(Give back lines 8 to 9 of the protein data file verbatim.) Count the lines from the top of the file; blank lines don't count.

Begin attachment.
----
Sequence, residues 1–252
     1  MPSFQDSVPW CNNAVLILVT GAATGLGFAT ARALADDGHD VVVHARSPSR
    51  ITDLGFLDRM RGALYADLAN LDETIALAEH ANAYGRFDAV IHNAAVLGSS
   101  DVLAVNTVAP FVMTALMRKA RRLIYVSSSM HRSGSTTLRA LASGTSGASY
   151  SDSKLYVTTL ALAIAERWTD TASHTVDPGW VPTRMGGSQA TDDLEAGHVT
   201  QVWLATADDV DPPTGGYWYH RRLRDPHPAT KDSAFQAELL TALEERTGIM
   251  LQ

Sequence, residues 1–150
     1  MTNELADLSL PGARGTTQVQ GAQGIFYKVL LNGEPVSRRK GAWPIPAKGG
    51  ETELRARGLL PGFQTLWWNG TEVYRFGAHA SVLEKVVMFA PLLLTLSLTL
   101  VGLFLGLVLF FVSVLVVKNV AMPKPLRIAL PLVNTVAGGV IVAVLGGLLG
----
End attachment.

Sequence, residues 1–150
     1  MTNELADLSL PGARGTTQVQ GAQGIFYKVL LNGEPVSRRK GAWPIPAKGG